Rhodes E. Gaetz W, Marsden J and Hall SD. (2018). Transient alpha and beta synchrony underlies preparatory recruitment of directional motor networks. Journal of Cognitive Neuroscience, 0(6):867-875. doi: 10.1162/jocn_a_01250
Prokic EJ, Weston C, Yamawaki N, Hall SD, Jones RS, Stanford IM, Ladds G, Woodhall GL. (2015).Cortical oscillatory dynamics and benzodiazepine-site modulation of tonic inhibition in fastspiking interneurons. Neuropharmacology. 20; 95:192-205.
Hall SD, Prokic EJ, McAllister CJ, Ronnqvist KC, Williams AC, Witton C, Woodhall GL, Stanford IM.(2014). GABA-mediated changes in inter-hemispheric beta frequency activity in early-stage Parkinson’s disease. Neuroscience 281 :68-76.
Lacey MG, Gooding-Williams G, Prokic EJ, Yamawaki N, Hall SD, Stanford IM, Woodhall GL.(2014). Spike Firing and IPSPs in Layer V Pyramidal Neurons during Beta Oscillations in RatPrimary Motor Cortex (M1) InVitro. PLoS ONE, 9(1):e85109.
Ronnqvist KC, McAllister CJ, Woodhall GL, Stanford & Hall SD. (2013). A multimodal perspectiveon the composition of cortical oscillations. Frontiers in Human Neuroscience. 7, 132.
Mcallister CJ, Ronnqvist KC, Woodhall GL, Stanford IM, Furlong PL & Hall SD. (2013). OscillatoryBeta Activity Mediates Neuroplastic Effects of Motor Cortex Stimulation in Humans. Journal of Neuroscience 33(18):7919-7927
Yamawaki N, Magill PJ, Woodhall GL, Hall, SD., & Stanford, IM. (2012). Frequency selectivity and dopamine dependence of plasticity at cortico-subthalamic synapses. Neuroscience. 17;203:1-11.
Hall SD, Stanford IM, Yamawaki N, McAllister CJ, Rönnqvist KC, Woodhall GL & Furlong PL. (2011) The role of GABAergic modulation in motor function related neuronal network activity. NeuroImage. 56(3):1506-10.
Hall SD, Yamawaki N, Fisher AE, Clauss RP, Woodhall GL & Stanford IM. (2010). Desynchronisation of pathological low-frequency brain activity by the hypnotic drug zolpidem. Clinical Neurophysiology. 121(4): 549-55.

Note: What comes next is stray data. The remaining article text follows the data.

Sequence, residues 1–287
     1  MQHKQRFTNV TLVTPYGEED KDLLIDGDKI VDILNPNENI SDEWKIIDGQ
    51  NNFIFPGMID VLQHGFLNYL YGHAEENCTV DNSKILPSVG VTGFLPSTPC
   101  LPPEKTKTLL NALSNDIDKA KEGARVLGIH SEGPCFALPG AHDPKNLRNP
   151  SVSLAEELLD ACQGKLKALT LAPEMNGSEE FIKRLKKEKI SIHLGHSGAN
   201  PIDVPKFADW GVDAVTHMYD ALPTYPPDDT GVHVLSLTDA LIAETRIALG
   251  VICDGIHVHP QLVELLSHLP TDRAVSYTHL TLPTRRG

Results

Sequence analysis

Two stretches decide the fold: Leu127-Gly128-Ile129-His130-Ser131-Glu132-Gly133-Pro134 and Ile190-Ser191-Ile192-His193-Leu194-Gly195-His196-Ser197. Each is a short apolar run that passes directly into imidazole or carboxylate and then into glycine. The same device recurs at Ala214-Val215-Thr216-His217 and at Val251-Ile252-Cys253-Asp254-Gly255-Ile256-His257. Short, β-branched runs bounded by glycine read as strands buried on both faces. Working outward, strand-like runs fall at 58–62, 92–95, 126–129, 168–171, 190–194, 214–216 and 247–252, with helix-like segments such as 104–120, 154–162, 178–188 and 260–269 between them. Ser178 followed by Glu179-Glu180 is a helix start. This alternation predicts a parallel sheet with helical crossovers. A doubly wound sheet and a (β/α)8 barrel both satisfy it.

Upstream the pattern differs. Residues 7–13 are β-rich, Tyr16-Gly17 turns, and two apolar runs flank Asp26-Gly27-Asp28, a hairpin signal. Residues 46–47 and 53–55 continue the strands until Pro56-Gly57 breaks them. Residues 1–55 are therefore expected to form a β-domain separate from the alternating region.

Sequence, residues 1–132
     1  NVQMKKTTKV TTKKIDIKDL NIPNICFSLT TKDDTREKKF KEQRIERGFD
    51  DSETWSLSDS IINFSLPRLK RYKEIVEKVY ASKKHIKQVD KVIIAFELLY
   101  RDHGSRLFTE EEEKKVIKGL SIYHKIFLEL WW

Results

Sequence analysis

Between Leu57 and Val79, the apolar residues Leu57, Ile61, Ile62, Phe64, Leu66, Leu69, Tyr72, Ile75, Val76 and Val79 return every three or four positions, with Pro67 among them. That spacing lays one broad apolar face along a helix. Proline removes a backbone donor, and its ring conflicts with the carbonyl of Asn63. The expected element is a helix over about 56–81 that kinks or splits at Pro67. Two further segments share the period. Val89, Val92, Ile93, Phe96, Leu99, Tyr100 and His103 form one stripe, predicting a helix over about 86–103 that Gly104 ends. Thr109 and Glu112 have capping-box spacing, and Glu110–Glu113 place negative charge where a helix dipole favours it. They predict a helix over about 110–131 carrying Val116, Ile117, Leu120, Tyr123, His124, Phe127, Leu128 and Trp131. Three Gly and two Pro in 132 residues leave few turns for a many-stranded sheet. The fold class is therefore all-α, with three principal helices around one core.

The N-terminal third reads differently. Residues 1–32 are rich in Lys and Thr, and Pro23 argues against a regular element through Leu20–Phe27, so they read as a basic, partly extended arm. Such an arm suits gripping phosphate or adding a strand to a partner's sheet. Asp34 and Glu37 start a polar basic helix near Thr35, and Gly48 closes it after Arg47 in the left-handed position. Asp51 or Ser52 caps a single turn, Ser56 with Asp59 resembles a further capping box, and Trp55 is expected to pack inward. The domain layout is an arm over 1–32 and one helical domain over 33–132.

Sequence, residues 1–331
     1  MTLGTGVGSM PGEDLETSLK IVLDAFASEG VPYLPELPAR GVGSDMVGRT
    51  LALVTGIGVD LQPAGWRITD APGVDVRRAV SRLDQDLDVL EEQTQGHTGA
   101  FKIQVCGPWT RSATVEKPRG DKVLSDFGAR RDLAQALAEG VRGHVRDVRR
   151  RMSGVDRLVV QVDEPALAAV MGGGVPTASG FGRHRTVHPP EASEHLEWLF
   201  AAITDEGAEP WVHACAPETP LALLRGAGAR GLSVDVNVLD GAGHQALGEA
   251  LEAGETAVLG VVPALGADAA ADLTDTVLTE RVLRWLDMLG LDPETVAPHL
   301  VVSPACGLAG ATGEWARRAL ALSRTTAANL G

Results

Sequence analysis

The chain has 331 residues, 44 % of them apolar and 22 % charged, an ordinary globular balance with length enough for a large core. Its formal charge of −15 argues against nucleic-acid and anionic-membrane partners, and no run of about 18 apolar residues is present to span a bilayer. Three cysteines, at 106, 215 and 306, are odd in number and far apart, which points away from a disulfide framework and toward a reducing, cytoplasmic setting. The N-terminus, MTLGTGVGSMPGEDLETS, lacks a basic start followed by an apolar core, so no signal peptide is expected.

Hall SD, Barnes GR, Furlong PL, Seri S & Hillebrand A. (2010) Neuronal network pharmacodynamics of GABAergic modulation in the human cortex determined using pharmaco-MEG. Human Brain Mapping. 31(4): 581-94.
Yamawaki N, Hall SD, Stanford IM & Woodhall GL. (2008). Pharmacologically induced and stimulus-evoked rhythmic neuronal oscillatory activity in the primary motor cortex (M1) in vitro. Neuroscience. 151(2): 386-95.
Gorst T, Freeman J, Yarrow K, Marsden J. Assessing lower limb position sense in stroke using the gradient discrimination test (GradDT™) and step-height discrimination test (StepDT™): a reliability and validity study. Disability Rehabilitation. 2019 Jan 14:1-9. doi: 10.1080/09638288.2018.1554008. [Epub ahead of print] PubMedPMID: 30636492.
Ofori J, Freeman J, Logan A, Rapson R, Zajieck J, Hobart J, Marsden J. An investigation of commonly prescribed stretches of the ankle plantarflexors in people with Multiple Sclerosis. Clin Biomech 2016;37:22-6
Amesz S, Tessari A, Ottoboni G, Marsden J. An observational study of implicit motor imagery using laterality recognition of the hand after stroke. Brain Inj. 2016;30(8):999-1004
Denton A, Bunn L, Hough A, Bugmann G, Marsden J. Superficial warming and cooling of the leg affects walking speed and neuromuscular impairments in people with spastic paraparesis. Ann Phys Rehabil Med. 2016 Dec;59(5-6):326-332.
Tustin K, Gimeno H, Morton E, Marsden J. Rater reliability and scoring duration of the Quality Function Measure in ambulant children with hyperkinetic movement disorders. Dev Med Child Neurol. 2016 Aug;58(8):822.
Glasser S, Collings R, Paton J, Marsden J. Effect of experimentally reduced distal sensation on postural response to hip abductor/ankle evertor muscle vibration. Gait Posture. 2015 Jul;42(2):193-8.
Bunn LM, Marsden JF, Voyce DC, Giunti P, Day BL. Sensorimotor processing for balance in spinocerebellar ataxia type 6. Mov Disord. 2015 Apr 16. doi: 10.1002/mds.26227.
Enhancing research through BRIC
By combining neuroscience research in one central hub, BRIC provides the critical mass and collaborative environment to develop neuroscience research that will translate into clinical trials having a real impact on people’s lives. The access to imaging will provide additional avenues to investigate the pathophysiology of neurological conditions and the mechanisms underlying rehabilitation techniques.
This laboratory will feature:
- 3D motion analysis
- Force plate recordings
- Surface EMG